SOE’s construction companies changing thier practice   Leave a comment

China has many SOE’s (State Owned Enterprises) Construction Companies. There are some of the largest construction companies in the world and they work both in China and outside China. Familiar names are China State Engineering, China Road & Bridge (China Communications Construction) Sinohydro, just to name a few.

Being SOE’s they are bureaucratic behemoths, employing thousands of workers and involved in hundreds of projects at anyone time. They are not always run with the most efficient modern management practices as profit is not always the ultimate goal of these companies.

As for construction equipment purchasing and management, they have their own unique set of practices. Usually, with these firms, they buy everything brand new from a dealer. They do not buy anything used (or very little, if they have to).

Often, they use these new machines on projects, which is all well and good. But the problem is that when it comes time to sell the machine, they are hindered by government accounting practices from selling such machines.

Why? Well, the government deems any piece of CE to be property of the state. As such, the selling and disposal of that property must follow very strict guidelines, in order to fend off companies (or individuals within those companies) from selling the machines for a low price (and then receiving a   from the buyer).

For the most part, the general rule is that the SOE is not allowed to sell the machine for less than book value. 99% of the time, the book value is almost always higher than the current market for that machine, making it almost impossible to do a deal. And because most equipment management departments know it is very difficult to sell these machines, they have no incentive to follow a proper maintenance program for the machine.

As an example of the extent of this problem, when I asked one of the major SOE’s how many large CE machines the group had in its inventory, he stated over 30,000 machines. When asked what was the utilization rate of these machines at any given time, he said it was usually less than 40%.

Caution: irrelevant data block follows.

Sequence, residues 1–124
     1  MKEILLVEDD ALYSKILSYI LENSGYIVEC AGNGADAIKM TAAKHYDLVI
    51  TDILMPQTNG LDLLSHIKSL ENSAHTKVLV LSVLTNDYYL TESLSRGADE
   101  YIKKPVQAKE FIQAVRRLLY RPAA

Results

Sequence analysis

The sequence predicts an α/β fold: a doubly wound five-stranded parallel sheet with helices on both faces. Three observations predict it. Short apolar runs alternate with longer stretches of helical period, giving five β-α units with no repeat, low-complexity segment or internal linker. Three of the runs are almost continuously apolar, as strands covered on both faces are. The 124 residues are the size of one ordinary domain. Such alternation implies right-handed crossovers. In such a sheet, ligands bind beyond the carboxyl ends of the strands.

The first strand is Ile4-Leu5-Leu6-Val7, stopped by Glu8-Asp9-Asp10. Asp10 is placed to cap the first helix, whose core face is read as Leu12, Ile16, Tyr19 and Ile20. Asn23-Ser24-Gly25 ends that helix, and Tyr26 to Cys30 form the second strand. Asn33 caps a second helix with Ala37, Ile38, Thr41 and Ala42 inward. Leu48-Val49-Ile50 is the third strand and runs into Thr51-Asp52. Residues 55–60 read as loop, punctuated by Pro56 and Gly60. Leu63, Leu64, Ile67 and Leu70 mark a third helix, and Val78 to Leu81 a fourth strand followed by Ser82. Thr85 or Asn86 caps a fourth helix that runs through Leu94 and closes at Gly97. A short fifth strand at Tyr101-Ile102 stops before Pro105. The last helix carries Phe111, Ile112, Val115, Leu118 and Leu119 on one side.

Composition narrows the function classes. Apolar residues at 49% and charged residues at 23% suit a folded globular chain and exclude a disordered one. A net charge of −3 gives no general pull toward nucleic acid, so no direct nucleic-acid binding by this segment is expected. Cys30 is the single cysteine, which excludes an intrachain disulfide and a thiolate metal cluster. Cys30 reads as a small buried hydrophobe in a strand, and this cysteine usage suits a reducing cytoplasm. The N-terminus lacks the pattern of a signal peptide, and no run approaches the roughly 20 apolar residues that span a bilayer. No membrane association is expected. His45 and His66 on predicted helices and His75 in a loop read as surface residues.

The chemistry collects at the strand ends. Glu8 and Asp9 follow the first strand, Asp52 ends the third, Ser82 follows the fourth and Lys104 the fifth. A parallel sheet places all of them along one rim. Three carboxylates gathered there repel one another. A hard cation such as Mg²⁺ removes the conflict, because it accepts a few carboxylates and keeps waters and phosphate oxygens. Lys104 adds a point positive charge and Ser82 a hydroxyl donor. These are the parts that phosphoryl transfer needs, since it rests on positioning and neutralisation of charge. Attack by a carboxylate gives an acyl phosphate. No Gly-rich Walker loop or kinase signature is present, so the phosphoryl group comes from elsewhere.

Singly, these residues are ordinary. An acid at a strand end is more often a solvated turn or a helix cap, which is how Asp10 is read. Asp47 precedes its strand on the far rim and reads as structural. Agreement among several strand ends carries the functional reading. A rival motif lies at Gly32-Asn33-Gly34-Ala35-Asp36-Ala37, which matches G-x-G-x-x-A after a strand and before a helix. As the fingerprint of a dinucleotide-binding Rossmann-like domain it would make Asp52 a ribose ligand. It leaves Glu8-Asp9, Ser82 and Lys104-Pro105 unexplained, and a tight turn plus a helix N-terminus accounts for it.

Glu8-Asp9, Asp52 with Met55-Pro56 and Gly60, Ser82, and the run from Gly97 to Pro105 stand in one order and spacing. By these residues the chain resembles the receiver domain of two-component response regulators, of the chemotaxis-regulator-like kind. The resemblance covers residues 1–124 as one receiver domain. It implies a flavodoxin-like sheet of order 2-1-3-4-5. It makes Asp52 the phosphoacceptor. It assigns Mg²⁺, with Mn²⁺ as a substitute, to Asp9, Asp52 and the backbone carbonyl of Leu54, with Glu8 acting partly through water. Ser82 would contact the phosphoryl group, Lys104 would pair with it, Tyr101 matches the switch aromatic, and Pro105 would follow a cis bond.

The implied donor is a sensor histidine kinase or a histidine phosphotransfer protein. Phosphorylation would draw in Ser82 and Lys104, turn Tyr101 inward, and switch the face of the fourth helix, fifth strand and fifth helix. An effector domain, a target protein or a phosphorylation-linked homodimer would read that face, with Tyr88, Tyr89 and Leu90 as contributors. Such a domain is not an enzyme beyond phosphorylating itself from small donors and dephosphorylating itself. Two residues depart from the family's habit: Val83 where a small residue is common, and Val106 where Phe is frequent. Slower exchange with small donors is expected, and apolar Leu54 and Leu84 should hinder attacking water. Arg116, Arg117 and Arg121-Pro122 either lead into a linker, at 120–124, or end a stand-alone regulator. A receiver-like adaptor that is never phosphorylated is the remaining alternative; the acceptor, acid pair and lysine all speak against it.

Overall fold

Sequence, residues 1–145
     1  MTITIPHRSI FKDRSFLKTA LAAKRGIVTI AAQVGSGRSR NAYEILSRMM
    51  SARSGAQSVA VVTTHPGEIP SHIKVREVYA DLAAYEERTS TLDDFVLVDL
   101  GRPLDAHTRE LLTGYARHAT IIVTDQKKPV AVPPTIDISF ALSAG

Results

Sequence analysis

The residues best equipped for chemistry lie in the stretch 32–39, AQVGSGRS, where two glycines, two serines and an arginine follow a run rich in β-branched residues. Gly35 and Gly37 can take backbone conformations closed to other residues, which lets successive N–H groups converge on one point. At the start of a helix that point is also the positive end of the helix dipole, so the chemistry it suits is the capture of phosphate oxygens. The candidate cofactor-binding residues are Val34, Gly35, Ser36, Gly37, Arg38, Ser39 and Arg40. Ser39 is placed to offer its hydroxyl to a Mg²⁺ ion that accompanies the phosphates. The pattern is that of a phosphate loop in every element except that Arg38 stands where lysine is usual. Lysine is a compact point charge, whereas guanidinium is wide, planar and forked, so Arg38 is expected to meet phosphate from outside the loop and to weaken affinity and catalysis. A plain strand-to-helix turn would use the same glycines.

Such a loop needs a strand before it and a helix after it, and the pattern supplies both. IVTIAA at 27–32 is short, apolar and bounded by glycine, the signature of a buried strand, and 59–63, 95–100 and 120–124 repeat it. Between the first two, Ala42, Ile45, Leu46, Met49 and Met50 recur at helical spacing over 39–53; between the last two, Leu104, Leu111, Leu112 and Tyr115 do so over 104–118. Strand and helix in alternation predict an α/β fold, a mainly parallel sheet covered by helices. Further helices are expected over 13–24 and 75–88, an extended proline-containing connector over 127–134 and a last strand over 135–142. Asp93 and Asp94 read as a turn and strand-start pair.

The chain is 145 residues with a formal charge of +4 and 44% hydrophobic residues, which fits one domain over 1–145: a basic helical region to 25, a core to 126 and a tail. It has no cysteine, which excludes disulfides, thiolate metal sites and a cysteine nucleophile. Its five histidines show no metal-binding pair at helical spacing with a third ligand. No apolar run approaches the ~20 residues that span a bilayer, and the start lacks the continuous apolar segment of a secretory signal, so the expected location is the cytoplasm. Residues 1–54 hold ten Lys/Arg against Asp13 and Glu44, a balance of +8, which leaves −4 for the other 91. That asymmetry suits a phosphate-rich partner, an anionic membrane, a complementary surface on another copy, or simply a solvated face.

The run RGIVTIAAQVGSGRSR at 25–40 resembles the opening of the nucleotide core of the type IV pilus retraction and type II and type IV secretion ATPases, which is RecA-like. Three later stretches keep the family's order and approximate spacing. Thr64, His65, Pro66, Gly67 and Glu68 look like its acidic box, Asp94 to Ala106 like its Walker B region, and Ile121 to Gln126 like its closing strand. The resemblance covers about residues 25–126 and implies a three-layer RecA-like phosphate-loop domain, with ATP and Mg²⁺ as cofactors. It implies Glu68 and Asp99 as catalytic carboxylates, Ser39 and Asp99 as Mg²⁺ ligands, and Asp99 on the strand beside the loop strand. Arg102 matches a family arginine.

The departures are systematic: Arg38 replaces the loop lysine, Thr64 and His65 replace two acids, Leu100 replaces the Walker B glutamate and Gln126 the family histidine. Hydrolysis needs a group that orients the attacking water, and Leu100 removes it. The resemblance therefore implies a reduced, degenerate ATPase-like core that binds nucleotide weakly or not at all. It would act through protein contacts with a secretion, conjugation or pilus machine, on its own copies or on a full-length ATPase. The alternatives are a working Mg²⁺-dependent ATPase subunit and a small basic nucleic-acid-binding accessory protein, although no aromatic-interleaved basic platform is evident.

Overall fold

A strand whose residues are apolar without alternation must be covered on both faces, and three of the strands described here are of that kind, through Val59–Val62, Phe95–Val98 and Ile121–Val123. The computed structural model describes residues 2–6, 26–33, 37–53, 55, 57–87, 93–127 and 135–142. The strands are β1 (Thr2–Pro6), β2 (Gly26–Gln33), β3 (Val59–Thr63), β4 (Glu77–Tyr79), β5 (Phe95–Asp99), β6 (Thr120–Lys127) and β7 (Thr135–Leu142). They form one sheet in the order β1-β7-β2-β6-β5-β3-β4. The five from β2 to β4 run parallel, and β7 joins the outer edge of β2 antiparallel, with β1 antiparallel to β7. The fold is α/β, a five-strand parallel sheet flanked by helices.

So for 60% of the machines (approx 18,000), they sat idle, earning no money for the SOE. In fact, they were costing the SOE money through depreciating, loss of interest, holding and maintainance costs, marketing and sales cost (if any). These 18,000 could be turned into cash if they sold at current market rates and the SOE could be taking that money and investing it in projects that would make the SOE money. Instead, the value sits in an idle machine that is costing the SOE money.

Even when the book value of the machine is written off (usually after 10 years), the market value of the machine is significantly less. Most likely the machine had been sitting idle for many years so seals and hoses would all need to be replaced. As the machine had no resale value to the SOE, the maintenance of the machine would have been minimal to begin with.  And operator practices in this part of the world are not the most conducive to maintaining a good used machine. In other words, the machine would be very rough and cost a lot of money just to get the machine back up to a marketable and saleable state.

And finally, if you are able to get your hands on a machine from any SOE, whether it be in good condition or not, you will have to pay some backhanders to the sellers.

But here is the whisper of change. SOE’s have realized that this is a very inefficient way to manage their fleets. In recent years, many of  the SOE’s have been turning to leasing and renting machines as a way to better maximize their cash and capital investment. The whisper is that starting in 2012, all SOE construction companies will not buy CE anymore and will be required to lease or rent machines needed for their projects.

This is a much needed change in their procedures and will make them more efficient and competitive. It will also root out chances for corruption both on the purchasing and disposal sides.

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